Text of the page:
Hazardous drinking by first-year college-athletes: The differential roles of drinking motives, alcohol consequences, and season status

UNCG Author/Contributor (non-UNCG co-authors, if there are any, appear on document)
Muhsin Michael Orsini, AP Assistant Professor and Director of the Undergraduate Program (Creator)
Jeffrey John Milroy, Associate Director (Contributor)
David L. Wyrick, Associate Professor (Contributor)
The University of North Carolina at Greensboro (UNCG )
Web Site: http://library.uncg.edu/

Abstract: College student-athletes and first-year students are two undergraduate populations at risk for heavy-episodic drinking and alcohol-related negative consequences. In this study, 63 (56% female, 62% Caucasian) first-year student-athletes completed a preliminary questionnaire assessing demographic characteristics, athlete-specific drinking motives, alcohol-related negative consequences, and season status. Scores of five or more on the ,4 UDIT-C defined the at-risk subsample. Participants who met the criteria for hazardous drinking (n = 19) reported higher levels of alcohol-related negative consequences and drinking motives. A logistic regression, with these variables, successfully distinguished between the two groups. Sport-related coping2, and positive reinforcement drinking motives, emerged as the most robust predictors of hazardous drinking. Implications for screening, prevention, and brief intervention strategies for first-year student-athletes are discussed.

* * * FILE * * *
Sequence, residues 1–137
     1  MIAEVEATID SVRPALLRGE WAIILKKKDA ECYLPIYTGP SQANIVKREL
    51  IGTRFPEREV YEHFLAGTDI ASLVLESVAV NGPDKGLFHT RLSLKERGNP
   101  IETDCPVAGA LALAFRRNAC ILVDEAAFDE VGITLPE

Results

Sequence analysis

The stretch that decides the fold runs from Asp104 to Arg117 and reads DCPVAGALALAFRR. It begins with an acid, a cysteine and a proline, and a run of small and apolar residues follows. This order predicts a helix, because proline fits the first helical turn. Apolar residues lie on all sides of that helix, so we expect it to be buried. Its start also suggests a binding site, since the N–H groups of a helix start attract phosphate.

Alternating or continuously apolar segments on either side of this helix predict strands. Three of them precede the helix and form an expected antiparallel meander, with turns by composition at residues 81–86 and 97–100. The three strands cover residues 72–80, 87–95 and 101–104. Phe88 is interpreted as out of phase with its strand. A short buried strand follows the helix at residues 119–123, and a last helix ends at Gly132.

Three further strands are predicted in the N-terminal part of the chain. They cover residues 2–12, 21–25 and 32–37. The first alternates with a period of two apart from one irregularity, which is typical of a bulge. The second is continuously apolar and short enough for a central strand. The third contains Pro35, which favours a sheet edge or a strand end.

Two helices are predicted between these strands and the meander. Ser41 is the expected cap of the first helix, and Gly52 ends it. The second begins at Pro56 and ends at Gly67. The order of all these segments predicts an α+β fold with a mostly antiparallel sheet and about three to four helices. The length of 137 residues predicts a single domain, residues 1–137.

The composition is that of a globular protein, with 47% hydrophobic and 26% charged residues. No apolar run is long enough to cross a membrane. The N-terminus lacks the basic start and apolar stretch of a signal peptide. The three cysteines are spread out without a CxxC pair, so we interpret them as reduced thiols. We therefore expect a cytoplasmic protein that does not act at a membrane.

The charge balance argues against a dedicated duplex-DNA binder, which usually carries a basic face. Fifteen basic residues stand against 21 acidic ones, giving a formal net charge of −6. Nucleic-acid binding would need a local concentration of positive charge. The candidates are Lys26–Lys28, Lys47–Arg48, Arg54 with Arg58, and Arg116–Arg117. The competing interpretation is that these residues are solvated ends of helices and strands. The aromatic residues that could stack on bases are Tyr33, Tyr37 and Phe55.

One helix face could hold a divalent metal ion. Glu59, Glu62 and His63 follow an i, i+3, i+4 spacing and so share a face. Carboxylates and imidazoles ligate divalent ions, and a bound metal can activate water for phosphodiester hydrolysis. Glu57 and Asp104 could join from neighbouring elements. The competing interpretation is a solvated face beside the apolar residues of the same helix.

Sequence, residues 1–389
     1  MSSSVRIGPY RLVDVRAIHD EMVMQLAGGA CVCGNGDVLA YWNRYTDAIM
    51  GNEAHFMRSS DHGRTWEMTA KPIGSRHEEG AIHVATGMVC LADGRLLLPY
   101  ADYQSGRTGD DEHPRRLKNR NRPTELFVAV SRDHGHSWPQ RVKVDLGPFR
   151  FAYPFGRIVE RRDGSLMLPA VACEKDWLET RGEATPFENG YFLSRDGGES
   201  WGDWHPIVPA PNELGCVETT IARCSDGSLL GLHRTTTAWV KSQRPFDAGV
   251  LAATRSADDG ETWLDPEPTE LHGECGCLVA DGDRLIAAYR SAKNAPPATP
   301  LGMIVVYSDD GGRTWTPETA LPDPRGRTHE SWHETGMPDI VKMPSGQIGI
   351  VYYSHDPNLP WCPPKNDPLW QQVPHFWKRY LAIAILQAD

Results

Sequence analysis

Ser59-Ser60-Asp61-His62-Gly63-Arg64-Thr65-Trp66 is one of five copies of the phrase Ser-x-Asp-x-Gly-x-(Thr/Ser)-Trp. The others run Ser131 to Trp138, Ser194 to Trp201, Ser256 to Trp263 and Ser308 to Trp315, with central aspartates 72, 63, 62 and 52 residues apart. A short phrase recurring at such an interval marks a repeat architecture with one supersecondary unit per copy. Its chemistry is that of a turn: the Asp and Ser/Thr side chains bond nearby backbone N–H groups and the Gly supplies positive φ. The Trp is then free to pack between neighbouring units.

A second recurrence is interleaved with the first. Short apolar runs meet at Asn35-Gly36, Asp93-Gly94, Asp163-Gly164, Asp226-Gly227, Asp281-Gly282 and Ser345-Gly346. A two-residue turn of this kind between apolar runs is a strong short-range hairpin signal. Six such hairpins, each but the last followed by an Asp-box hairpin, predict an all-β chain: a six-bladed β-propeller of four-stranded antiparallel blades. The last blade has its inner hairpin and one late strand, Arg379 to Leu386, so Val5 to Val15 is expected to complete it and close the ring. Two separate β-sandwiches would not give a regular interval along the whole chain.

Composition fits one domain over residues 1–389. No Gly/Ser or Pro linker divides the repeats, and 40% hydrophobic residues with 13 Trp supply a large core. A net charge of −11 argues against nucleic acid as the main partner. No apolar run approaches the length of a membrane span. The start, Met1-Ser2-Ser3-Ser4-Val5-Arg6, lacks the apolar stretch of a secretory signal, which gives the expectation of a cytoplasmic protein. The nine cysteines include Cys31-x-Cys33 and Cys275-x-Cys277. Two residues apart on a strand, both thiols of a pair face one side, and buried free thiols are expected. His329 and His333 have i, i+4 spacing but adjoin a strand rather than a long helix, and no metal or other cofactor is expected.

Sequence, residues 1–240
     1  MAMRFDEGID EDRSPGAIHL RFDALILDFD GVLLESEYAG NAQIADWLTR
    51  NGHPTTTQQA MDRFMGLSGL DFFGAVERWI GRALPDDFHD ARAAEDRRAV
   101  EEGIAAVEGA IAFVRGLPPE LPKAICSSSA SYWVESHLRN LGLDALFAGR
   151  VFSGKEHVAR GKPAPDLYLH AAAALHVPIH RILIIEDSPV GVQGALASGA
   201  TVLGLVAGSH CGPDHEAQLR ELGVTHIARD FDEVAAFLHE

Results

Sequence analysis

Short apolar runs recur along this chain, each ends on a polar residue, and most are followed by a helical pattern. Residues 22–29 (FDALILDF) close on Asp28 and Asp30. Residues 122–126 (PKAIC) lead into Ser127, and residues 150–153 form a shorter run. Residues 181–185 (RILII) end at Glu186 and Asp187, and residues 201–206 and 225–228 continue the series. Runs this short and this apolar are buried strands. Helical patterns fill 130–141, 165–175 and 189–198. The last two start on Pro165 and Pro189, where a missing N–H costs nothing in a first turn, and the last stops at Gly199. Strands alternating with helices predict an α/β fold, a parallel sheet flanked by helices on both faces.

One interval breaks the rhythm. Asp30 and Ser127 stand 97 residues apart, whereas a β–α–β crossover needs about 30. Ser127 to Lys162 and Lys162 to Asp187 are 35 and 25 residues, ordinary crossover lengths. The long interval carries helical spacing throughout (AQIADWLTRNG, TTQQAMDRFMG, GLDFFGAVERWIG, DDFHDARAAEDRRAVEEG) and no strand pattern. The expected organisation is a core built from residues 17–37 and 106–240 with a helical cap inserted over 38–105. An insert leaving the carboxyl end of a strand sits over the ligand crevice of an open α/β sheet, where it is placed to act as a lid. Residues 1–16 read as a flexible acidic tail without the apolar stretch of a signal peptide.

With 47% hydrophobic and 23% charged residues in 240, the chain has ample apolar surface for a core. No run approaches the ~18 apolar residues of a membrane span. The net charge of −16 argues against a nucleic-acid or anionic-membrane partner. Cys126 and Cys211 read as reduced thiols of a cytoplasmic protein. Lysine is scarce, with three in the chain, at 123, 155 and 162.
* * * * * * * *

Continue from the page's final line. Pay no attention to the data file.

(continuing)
Additional Information

Language: English
Date: 2013
college student-athlete, First-year student, drinking motives, alcohol use

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